BOSTON – Facebook’s lax privacy policies have been likened to a “death trap” by one critic, a “train wreck” by another and just plain “awfulness” by yet a third. The company has taken our rights and trampled on them, the blogosphere rhetoric goes.
People are angry.
In response to irate users and advocacy groups, Facebook announced this week that it had modified its privacy settings to make it easier for people to control who gets to see their personal information. Most applaud Facebook for making the recent changes, though many feel it still has further to go to safeguard people’s privacy.
But what about the reaction in other countries?
The U.S. is Facebook’s largest market with more than 125 million users, but it’s far from the only country where Facebook is all the rage. According to checkfacebook.com, which tracks the company’s growth, the U.K. is the second biggest market with more than 27 million users, followed by Indonesia with nearly 25 million. Turkey has 22.5 million Facebook users and France has almost 19 million.
Jeffrey Chester, executive director for the Center for Digital Democracy in Washington, said there had been “unusually strong international pressure from policymakers to force Facebook to change.”
He cited a letter from the Article 29 Working Party, a group of influential data protection experts advising the EU, that called Facebook’s default settings “unacceptable” and ordered it to reverse them. In Canada, the government's privacy commissioner also took issue with Facebook.
“The principal reason Facebook made these changes was due to threats from Transatlantic government officials,” Chester wrote by email Friday.
But according to several GlobalPost contributors in locales as disparate as Indonesia, Venezuela and France, what's notable is how little average Facebook users care about the privacy controversy.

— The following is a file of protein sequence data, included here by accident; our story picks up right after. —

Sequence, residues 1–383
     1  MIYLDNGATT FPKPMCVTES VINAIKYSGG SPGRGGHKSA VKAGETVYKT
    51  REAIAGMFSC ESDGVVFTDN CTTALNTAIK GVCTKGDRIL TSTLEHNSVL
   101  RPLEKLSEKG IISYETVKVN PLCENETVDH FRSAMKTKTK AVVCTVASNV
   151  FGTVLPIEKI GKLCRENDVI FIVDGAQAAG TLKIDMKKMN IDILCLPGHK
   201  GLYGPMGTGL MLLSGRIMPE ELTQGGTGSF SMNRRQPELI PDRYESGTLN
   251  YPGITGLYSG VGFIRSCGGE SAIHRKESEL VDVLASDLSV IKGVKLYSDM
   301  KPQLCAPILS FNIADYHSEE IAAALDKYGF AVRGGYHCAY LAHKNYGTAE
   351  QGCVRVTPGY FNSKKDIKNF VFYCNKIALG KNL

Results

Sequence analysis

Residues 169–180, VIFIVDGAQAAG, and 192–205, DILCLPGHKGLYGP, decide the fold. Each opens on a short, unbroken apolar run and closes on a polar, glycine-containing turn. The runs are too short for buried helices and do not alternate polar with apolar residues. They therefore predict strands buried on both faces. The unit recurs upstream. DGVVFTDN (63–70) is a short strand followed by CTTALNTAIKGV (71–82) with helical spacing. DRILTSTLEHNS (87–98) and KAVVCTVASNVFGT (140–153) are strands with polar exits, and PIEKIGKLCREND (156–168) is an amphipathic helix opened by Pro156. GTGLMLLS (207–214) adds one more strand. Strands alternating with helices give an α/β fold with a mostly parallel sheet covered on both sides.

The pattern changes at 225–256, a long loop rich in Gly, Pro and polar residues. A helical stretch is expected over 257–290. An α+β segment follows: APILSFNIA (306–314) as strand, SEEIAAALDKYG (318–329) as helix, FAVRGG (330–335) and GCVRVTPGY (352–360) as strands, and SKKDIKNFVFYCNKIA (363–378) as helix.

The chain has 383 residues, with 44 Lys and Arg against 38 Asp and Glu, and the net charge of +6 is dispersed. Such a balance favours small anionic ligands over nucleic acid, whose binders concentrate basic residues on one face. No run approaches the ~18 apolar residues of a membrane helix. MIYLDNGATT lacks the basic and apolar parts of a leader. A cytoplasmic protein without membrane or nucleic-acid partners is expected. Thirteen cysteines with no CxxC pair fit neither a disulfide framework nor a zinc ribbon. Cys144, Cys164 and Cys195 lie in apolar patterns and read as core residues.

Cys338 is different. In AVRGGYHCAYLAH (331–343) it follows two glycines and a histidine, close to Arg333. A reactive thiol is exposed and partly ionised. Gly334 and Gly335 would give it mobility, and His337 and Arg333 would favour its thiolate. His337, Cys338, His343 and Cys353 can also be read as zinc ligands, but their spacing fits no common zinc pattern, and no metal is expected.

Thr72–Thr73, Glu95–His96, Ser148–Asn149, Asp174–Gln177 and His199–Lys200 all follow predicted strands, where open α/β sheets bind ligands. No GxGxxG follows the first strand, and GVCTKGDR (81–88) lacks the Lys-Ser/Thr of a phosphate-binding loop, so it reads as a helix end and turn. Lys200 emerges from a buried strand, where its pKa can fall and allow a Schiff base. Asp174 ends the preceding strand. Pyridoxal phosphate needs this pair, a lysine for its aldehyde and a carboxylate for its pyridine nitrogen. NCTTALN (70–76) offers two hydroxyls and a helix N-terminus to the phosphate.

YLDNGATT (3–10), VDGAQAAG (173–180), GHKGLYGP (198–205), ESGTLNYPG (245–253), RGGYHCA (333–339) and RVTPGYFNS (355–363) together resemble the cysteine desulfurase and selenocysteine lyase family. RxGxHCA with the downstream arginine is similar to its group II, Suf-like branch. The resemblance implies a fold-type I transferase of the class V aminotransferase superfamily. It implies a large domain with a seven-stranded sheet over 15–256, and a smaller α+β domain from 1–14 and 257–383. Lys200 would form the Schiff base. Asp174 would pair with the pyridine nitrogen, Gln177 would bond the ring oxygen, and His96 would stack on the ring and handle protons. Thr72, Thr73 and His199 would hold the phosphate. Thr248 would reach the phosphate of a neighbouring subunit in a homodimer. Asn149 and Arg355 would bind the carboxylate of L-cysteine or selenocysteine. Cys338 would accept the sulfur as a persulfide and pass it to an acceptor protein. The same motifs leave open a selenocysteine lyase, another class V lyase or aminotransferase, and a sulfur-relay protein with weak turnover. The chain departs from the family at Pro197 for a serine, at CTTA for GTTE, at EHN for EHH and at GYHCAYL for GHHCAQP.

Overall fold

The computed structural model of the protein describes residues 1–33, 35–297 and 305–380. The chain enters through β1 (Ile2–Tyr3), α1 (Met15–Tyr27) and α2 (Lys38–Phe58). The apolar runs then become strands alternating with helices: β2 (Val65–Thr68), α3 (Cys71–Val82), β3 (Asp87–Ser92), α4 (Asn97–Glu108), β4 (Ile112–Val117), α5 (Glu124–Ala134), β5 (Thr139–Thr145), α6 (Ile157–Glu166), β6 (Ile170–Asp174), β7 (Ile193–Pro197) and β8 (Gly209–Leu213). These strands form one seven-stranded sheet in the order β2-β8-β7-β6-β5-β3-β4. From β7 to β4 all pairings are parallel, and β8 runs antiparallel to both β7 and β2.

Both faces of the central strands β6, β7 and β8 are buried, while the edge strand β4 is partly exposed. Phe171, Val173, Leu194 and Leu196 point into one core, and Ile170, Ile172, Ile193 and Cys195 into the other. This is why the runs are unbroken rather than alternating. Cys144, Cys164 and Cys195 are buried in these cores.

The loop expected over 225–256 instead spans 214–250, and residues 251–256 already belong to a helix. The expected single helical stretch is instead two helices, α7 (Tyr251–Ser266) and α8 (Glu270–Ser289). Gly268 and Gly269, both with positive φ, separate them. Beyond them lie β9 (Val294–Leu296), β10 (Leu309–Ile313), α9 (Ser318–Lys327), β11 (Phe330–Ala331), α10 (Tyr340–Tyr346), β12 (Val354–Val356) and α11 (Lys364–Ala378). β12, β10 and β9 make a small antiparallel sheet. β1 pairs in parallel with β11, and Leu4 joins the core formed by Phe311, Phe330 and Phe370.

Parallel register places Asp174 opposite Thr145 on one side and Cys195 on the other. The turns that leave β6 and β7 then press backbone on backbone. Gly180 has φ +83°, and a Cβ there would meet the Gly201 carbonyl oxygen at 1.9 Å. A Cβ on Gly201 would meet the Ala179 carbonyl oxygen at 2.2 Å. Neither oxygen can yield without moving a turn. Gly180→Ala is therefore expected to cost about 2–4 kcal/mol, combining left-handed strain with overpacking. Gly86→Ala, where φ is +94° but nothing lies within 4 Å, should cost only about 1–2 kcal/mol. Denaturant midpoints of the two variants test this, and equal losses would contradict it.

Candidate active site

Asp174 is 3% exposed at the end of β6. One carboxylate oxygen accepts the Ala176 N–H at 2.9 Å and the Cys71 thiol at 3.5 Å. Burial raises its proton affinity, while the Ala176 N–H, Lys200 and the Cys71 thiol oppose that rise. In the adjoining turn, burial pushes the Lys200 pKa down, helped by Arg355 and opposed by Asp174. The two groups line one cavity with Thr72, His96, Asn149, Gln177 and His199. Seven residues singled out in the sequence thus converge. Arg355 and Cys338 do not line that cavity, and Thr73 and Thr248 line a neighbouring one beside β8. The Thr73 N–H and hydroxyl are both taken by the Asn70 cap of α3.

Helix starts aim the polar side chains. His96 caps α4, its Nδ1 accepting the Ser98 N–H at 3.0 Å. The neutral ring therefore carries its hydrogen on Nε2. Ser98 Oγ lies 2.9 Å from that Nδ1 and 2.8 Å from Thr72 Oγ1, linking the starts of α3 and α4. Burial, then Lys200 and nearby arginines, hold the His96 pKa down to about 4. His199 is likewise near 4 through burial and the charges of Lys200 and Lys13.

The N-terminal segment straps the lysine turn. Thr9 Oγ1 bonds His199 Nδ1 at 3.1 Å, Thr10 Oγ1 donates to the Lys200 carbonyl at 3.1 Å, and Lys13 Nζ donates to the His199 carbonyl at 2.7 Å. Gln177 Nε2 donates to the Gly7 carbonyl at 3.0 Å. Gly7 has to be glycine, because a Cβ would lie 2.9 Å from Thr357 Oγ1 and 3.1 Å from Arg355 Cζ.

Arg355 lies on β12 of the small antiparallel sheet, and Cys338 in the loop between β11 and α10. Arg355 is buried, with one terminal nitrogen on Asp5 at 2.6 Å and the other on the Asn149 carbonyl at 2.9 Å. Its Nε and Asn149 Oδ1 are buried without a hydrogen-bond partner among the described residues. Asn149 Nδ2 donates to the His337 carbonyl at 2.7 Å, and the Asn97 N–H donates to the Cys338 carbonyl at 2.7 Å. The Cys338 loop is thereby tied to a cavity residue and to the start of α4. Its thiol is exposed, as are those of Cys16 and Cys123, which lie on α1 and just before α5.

In France, if Facebook is making headlines, it’s for helping to organize enormous cocktail parties, several of which have gotten out of hand — notably, in Nantes in early May, one of the 10,000 party-goers fell to his death from a bridge, drunk. GlobalPost’s Mildrade Cherfils reported on a similar party organized in Paris that was squashed by city officials.
People in Venezuela haven’t raised a stink about privacy, though there has been documented concern about criminals using information gathered from Facebook for kidnappings and robberies, as reported in GlobalPost by Charlie Devereux.
In Indonesia, Facebook's privacy woes have received limited attention, despite the social networking site's position as the country's most popular website. Online articles on Facebook's recent privacy setting changes have only received few comments, many of which support the company and its founder Mark Zuckerberg.
One user on the Indonesian-language website of newspaper Kompas, tomazo suryono commented: "The users are getting weirder. How can they post/upload their personal information on facebook and hope FB can completely close it off... for what??? If you don't want to share, write it down in your diary or journal or whatever, store it in your cupboard, lock it padlock it... done..."